My dearly missed friend Leo, a good Finn; the art of Finnish illustrator Erkki Tanttu.
Dancer Merce Cunningham, for his stunning body and face.
Tapio Wirkkala, Finnish glass artist; more Erkki Tanttu.

No, Tony Bennett is not a Finn. But he's 87 and he's hot. 
(We saw him last summer at the Pantages in Tacoma, so I know whereof I speak.)

Thanks, guys. Couldn't have done it without you.



 


Next time: First steps, false starts and unfinished ideas.

Tuesday, July 8, 2014

Dunsmuir, California...

...does not look like this today! Au contraire. It was, in fact, 88F at the highest.... cooler than the 100F that was predicted and quite a bit milder than yesterday's 108! But I'm having trouble uploading my own photos to this little laptop, and this was the best image I could find online. It captures the feeling of the town really well. It also makes me want to come back in January.


We discovered Dunsmuir (near Mt. Shasta) quite by accident a few years ago, just passing through looking for coffee. It made an impression on us so we've returned for a longer visit and some exploration. We are headquartered at the Cave Springs Resort, in one of their tiny cabins that are advertised as having "all the amenities of 1930...plus wifi." Our cabin overlooks the Sacramento River and the train tracks on the other side. Downtown Dunsmuir is a 4-minute drive away.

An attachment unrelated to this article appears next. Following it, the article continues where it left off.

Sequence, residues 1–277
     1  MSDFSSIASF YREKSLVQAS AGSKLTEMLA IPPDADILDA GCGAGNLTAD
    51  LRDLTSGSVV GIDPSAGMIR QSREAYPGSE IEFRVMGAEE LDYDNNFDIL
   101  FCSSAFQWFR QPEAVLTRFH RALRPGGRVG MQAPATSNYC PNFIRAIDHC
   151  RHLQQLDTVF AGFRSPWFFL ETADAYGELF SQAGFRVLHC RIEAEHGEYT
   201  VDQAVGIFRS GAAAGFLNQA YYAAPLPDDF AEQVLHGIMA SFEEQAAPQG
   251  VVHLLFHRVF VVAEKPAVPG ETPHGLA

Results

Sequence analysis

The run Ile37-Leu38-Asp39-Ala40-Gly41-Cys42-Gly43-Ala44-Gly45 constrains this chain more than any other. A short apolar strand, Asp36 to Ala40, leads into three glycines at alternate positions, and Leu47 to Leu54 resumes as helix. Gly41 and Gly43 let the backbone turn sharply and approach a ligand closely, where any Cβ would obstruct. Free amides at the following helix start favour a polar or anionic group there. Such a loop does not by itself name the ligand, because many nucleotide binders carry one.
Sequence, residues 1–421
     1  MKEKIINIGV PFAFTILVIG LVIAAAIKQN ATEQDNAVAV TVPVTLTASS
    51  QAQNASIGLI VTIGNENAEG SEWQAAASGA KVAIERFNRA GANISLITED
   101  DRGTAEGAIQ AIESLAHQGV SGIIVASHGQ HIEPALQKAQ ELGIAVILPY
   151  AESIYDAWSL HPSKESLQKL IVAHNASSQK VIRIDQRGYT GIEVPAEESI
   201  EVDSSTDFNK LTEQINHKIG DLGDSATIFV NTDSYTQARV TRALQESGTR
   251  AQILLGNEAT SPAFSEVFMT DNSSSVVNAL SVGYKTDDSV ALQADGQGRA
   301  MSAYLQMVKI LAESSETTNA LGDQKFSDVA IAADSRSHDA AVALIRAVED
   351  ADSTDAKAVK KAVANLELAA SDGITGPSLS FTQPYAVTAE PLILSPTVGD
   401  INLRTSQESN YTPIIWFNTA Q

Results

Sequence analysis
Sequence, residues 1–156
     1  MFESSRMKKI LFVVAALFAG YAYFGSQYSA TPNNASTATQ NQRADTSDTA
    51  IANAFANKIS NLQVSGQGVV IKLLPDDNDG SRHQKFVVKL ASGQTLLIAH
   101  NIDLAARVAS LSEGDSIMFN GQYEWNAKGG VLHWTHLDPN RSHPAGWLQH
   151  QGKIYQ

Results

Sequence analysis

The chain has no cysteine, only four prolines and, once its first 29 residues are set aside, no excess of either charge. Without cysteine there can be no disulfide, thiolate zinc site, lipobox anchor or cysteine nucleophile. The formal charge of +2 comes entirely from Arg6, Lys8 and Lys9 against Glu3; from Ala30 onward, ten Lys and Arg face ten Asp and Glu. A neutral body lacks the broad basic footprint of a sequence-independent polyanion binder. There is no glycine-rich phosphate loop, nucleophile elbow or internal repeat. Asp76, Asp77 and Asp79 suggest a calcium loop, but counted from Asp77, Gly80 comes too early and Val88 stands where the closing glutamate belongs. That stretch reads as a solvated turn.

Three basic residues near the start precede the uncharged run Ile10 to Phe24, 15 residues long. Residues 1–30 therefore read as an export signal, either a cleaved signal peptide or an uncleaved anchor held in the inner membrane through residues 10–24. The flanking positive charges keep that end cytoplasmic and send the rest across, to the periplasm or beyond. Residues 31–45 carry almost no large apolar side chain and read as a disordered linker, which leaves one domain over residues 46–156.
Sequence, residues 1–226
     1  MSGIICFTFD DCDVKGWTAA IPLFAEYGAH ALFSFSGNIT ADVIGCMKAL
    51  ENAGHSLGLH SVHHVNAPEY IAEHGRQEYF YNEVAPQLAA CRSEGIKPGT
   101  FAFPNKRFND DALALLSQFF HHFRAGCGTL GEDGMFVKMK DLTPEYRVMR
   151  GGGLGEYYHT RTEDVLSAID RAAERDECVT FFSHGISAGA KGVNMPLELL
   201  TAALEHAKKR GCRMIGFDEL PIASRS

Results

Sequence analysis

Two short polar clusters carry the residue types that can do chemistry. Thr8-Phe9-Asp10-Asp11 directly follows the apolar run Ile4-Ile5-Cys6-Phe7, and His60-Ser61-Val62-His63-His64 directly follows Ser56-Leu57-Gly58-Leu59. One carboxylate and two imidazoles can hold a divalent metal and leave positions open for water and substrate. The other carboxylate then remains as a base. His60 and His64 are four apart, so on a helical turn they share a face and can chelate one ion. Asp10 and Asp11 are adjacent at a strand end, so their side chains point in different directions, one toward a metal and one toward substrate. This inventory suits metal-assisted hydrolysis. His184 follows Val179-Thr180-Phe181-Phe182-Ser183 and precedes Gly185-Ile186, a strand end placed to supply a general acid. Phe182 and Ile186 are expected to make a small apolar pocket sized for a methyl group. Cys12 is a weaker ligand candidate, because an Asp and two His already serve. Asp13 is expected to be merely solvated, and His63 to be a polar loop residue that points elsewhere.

Tomorrow we head west to Arcata, then take a couple of days to drive up the coast home. It's been a great trip.

So, no puppet news for a few days.

Tuesday, July 1, 2014

What I'm learning from the Puppet Challenge project.

Some things I know about puppets that I didn't know 3 months ago:


1. Shadow puppets need to move, a lot. Even if they are intricately detailed, or colorful, they are basically very subtle creatures and need to overact to make their presence felt.

2. I dislike being removed from the action -- I want to see it from the front or the top, or the side. But from the back...unh. And what I'm seeing isn't even what the audience is seeing, only the thing that is creating the shadow that the audience is seeing.I love shadow puppetry, but I'll sit in the audience from now on, thank you..